ABU MUSAB AL-ZARQAWI
“He became like Al Capone or
public enemy number one” – Ali Al Allawi
No one embraced the apocalyptic vision of a Sunni-Shia war, more than the man used to
justify American aggression - Abu Musab al-Zarqawi.
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WHO WAS ABU MUSAB AL-ZARQAWI?
In the early 2000s, Jordanian militant Abu Musab al-Zarqawi set up extremist group
Tawhid wa al-Jihad.
Zarqawi then formed al-Qaeda in Iraq (AQI) in October 2004, which opposed Western involvement in the region and supported Sharia law. However, its brutality soon isolated
it from many Iraqis and al-Qaeda leaders.
Prior to 2003, contrary to American claims, the Jordanian Zarqawi had no formal alignment
with al-Qaeda or its leadership. A year later, with coalition troops in control of Iraq, the once
lone-wolf jihadist had become the figurehead of the Sunni insurgency.
He was trying to portray himself as a Rambo of the Muslim world… Zarqawi revolutionised the ideology of al-Qaeda. See, al-Qaeda of Osama Bin Laden and Zawahiri was built on anti-Americanism. Now, Zarqawi in Iraq after 2003 started to introduce the sectarian element of it, which is anti-Shia. And once the sectarian war erupted, then you get a failed, dysfunctional state, and this is the best environment the Jihadist work.” – MOWAFFAK AL RUBAIE
A year after claiming Iraq had ties to al-Qaeda, the US' falsehood became
a self-fulfilling prophecy with Zarqawi centre-stage.
"A man named Zarqawi is responsible for planting car bombs and beheading Americans. He swore his allegiance to Osama bin Laden. Our troops will defeat Zarqawi and his likes overseas in Iraq so we do not have to face them here at home.” -
GEORGE W BUSH
The US president’s rallying words that Zarqawi would be defeated, failed to stop the beheading of US contractor Nick Berg. None of the masked men involved in the killing could be identified. But the video of Berg’s final moments placed Zarqawi as main executioner.
The standard-issue orange jumpsuit, and the staged spectacle of brutality, would now become familiar markers of a new phase in terror, focused around one figure.
Zarqawi was successful in triggering a sectarian war by bombing two shrines in Samarra.
The bombings generated a counterterror led by a large number of groups affiliated or associated with the Shia militias.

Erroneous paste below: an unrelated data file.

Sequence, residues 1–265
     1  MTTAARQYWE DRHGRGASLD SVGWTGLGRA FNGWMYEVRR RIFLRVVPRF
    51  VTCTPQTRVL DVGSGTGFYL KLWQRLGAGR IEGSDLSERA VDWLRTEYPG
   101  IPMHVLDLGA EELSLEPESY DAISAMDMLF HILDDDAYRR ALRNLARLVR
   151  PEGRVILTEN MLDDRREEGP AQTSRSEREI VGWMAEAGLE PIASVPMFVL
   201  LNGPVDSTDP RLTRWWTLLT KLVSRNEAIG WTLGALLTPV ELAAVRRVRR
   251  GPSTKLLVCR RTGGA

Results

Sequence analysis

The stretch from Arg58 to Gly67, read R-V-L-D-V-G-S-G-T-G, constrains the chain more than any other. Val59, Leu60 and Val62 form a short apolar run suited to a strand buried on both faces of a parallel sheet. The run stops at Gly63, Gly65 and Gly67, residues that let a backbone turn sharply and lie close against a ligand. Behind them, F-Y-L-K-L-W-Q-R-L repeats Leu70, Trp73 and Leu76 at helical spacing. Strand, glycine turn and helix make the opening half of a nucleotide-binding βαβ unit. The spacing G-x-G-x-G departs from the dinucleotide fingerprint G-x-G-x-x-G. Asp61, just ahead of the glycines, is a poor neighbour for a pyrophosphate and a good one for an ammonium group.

By April of 2006, al-Qaeda in Iraq was fighting both an insurgency and
a sectarian war leaving the country awash with blood.
PRIME MINISTER NOURI AL-MALIKI ELECTED
“There are bad options and there are worse options” - ALI KHEDERY
On May 20, 2006, President Bush’s dreams of bringing democracy to Iraq came true. Nouri al-Maliki became Iraq’s first democratically elected prime minister.
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WHO IS NOURI AL-MALIKI?
Nouri al-Maliki succeeded the Iraqi Transitional Government. Maliki began his political career as a Shia dissident under Saddam Hussein's regime in the late 1970s.
After fleeing a death sentence, Maliki rose through the ranks of the banished Islamic Dawa Party during a 24-year exile. During his time abroad, he became a senior leader of the Dawa Party, which was involved in covert operations to try to bring about the overthrow of the Baath regime and Saddam Hussein’s rule.
Nouri al-Maliki had come to power echoing George W Bush’s warning to
Abu Musab al-Zarqawi – the new government was ready to meet the challenge of
defeating the Sunni insurgents.
A month after Iraq’s first democratic elections, Zarqawi was killed in a US air strike.
Stepping up to fill the void at the top of al-Qaeda in Iraq was one of its founders - Abu Ayyub al-Masri.
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WHO WAS ABU AL-MASRI?
Abu al-Masri was an active combatant of al-Qaeda and a senior aide to former leader
of al-Qaeda in Iraq, Abu Musab al-Zarqawi.
By October 2006, the group had merged with other Sunni insurgents. Masri announced the formation of a new entity – the Islamic State of Iraq.
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